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TechNewsWorld.com

AMD to Slap Stickers on Gaming-Class PCs

By Walaika Haskins
May 19, 2008 10:34 AM PT

Chipmaker Advanced Micro Devices (AMD) has announced an initiative designed to give gamers a clearer picture of what systems will and will not match their needs when buying a PC.

AMD to Slap Stickers on Gaming-Class PCs

Nearly 66 percent of PCs sold in 2007 included only the bare minimum of functionality, according to findings from Jon Peddie Research. These systems did not have the ability to provide users with a satisfactory gaming experience.

AMD's new plan, dubbed "Game," will have an impact on the gaming industry, Jon Peddie, president of the research organization, told TechNewsWorld. "The super enthusiasts like tools and controls and, if this works, AMD will make life easier -- and more fun -- for them while at the same time less intimidating for the other gamers."

The new initiative will put Game logos on AMD-based desktop and notebook computers that meet the requirements of the bulk of the latest PC-based games. Joining AMD are partners such as Alienware, Cyberpower, iBuypower, Logitech, Maingear, Microsoft and Velocity Micro. PCs bearing the AMD logo will be available during the second half of 2008.

No-Brainer Choice

AMD's project is based on the premise that consumers should have a platform containing matched and tested components that meet their needs rather than a system cobbled together based on which components and software are more valuable, the company explained.

The logos will appear on systems running between US$1,000 and $2,000. The machines have two different configurations. Game-minimum requirements in desktop PCs include Athlon X2 5600+ processors, 2 GB of memory, Radeon HD 3650 graphics and an AMD 770 or Nvidia nForce 500 series or better chipsets.

AMD Game Ultra desktop systems will include an AMD Phenom X4 9650 processors, ATI Radion HD 3870 graphics, 2 GB of memory and an AMD 770 chipsets.

These specs will provide gamers with a machine capable of playing many of the top-selling games, according to AMD.

"The PC gaming market is a lot bigger than many people think. It's where the highest performance equipment and players are. You might be amazed at some of the first-person shooter's cinematic qualities, plus the stories and action, the amazing heart-pounding action of racing games, the unbelievable realisms of flight simulators and the shear vastness of some of the role-playing games, where entire nations are built and destroyed," Peddie explained.

'Servicing the Gamer'

Helping consumers choose the best PC for their gaming requirements will also give a much-needed boost to the PC gaming market, said Brent Barry, AMD product marketing manager and gaming strategist.

"It's unfortunate, but part of the problem on the PC side really is the industry needs to do a better job of servicing the gamer. So AMD Game really is about helping to boost the overall experience [and] help to make it better. What we figure is, if we can help keep the PC gaming industry healthier, everyone benefits," he told TechNewsWorld.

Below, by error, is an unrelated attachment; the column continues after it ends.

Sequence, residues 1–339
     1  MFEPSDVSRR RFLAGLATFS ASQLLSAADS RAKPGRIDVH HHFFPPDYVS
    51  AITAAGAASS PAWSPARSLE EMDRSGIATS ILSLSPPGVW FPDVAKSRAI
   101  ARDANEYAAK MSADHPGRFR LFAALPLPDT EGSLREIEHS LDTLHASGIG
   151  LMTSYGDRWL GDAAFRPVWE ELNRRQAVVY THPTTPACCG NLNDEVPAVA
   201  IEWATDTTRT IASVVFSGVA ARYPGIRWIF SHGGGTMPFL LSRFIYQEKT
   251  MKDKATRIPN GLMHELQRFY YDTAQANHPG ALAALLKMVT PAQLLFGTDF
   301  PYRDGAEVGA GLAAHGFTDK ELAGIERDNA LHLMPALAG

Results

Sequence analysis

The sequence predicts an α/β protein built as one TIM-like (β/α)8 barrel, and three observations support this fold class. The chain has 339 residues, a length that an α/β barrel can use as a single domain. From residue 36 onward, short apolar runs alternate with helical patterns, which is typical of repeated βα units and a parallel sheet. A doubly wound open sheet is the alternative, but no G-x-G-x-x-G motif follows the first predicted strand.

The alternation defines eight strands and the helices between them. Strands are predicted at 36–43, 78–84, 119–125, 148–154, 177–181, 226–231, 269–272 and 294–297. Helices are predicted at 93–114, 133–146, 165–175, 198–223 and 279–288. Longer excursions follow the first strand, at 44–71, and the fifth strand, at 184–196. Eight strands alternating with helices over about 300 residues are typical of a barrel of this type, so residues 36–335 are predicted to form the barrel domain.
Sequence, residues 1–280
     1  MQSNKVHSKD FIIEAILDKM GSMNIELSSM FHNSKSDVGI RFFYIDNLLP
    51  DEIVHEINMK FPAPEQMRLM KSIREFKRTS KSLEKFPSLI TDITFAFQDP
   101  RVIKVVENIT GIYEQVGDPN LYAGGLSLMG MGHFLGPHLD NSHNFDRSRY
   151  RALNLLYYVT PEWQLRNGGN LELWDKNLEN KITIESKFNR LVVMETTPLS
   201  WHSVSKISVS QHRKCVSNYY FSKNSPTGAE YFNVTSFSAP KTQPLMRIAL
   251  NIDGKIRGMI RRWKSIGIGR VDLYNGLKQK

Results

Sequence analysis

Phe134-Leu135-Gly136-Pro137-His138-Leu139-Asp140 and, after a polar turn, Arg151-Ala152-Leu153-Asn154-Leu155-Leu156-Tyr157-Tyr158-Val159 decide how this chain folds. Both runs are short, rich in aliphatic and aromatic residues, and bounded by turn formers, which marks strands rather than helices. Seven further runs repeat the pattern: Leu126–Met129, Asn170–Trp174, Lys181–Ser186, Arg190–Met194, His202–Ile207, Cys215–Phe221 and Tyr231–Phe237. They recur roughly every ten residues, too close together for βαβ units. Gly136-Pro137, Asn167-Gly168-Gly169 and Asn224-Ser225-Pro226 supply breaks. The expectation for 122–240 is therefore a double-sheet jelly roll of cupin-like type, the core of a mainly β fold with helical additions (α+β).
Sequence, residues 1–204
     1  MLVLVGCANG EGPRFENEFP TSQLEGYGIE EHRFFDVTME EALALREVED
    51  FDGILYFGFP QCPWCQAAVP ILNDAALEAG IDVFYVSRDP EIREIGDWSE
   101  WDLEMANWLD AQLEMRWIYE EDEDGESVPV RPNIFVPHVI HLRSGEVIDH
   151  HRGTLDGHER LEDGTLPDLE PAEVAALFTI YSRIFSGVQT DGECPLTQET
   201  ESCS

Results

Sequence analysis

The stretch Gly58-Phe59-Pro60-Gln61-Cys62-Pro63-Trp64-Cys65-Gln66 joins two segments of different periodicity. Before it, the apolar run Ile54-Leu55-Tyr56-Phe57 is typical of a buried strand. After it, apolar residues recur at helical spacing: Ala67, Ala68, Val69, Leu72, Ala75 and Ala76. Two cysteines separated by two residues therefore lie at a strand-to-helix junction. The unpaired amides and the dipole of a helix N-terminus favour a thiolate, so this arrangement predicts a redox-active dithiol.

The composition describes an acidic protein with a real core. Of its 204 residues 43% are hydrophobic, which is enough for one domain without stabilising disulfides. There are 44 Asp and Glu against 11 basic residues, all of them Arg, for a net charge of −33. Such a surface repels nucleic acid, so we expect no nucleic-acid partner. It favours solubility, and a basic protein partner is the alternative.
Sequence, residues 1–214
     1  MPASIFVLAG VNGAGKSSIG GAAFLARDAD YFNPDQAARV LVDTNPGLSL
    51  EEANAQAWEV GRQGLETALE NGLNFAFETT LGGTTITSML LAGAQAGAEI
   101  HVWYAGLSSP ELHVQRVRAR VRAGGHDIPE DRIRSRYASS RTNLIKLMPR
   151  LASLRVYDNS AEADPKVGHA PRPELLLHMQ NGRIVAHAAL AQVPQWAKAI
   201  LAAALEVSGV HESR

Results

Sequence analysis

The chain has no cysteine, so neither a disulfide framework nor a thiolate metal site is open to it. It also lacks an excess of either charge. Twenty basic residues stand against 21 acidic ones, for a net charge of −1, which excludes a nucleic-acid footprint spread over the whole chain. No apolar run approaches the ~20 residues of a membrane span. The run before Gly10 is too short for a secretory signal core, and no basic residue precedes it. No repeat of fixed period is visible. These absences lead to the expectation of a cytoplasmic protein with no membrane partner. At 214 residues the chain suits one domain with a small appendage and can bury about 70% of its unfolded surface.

A healthier PC gaming market could help to restore the creativity that was once a hallmark of the industry, adding luster to a segment that has been largely overshadowed by consoles.

While video game platforms like the Nintendo Wii and Sony PlayStation 3 boast a combined installed user base of more than 80 million gamers, there are only a little over 13 million PC gaming enthusiasts, according to PC Gaming Alliance. Of the remaining 250 million gamers worldwide, 75 persent are so-called casual gamers who play games like "Bejeweled" or "Minesweeper" for roughly 15 minutes at a time.

"We really want to do what we can to make sure that PC gaming stays healthy, stays vibrant and all of that feeds back into itself to make for a healthier industry," Barry added.

Marketing Gambit

The announcement was not surprising given AMD's acquisition of ATI in 2006 and its loss of market share in the PC gaming segment, Patrick Wang, a Wedbush Morgan analyst, told TechNewsWorld.

"They bought [ATI] for two things. The first was to get one of the leading graphics providers in the industry, the second was they wanted a leading-edge chipset. By gaining those two and combining them with their processor, one of the key things they're looking for going forward is to be able to sell platforms similar to Intel," he explained.

Intel has sold CPUs and chipset combos for some time. AMD was limited to processor sales until it picked up ATI. Now that it is capable of selling a combination offering, the AMD Game initiative is a marketing ploy of sorts, Wang noted.

"Intel had an initiative a few years ago, Viiv, for digital home, that's sort of what this is," he continued. "When Intel was pushing the whole Viiv thing, it really didn't mean anything because it was essentially the same products they had just branded under a new marketing name. That's essentially what AMD Game is, but it's a little more relevant than Viiv is for Intel."

That said, Wang believes the AMD Game initiative is good for AMD to gain traction with the standard consumer, a segment that it has been losing a lot of market and mindshare with over the past few quarters.

"For them to be able to come out with something branded AMD Game, it gets your typical mainstream gamer to say 'Oh, OK, this one is verified as a gaming PC by AMD,' and feel better about their purchase. It probably helps, at some level, AMD gain mindshare on gaming platforms. It's something that can help them," he concluded.


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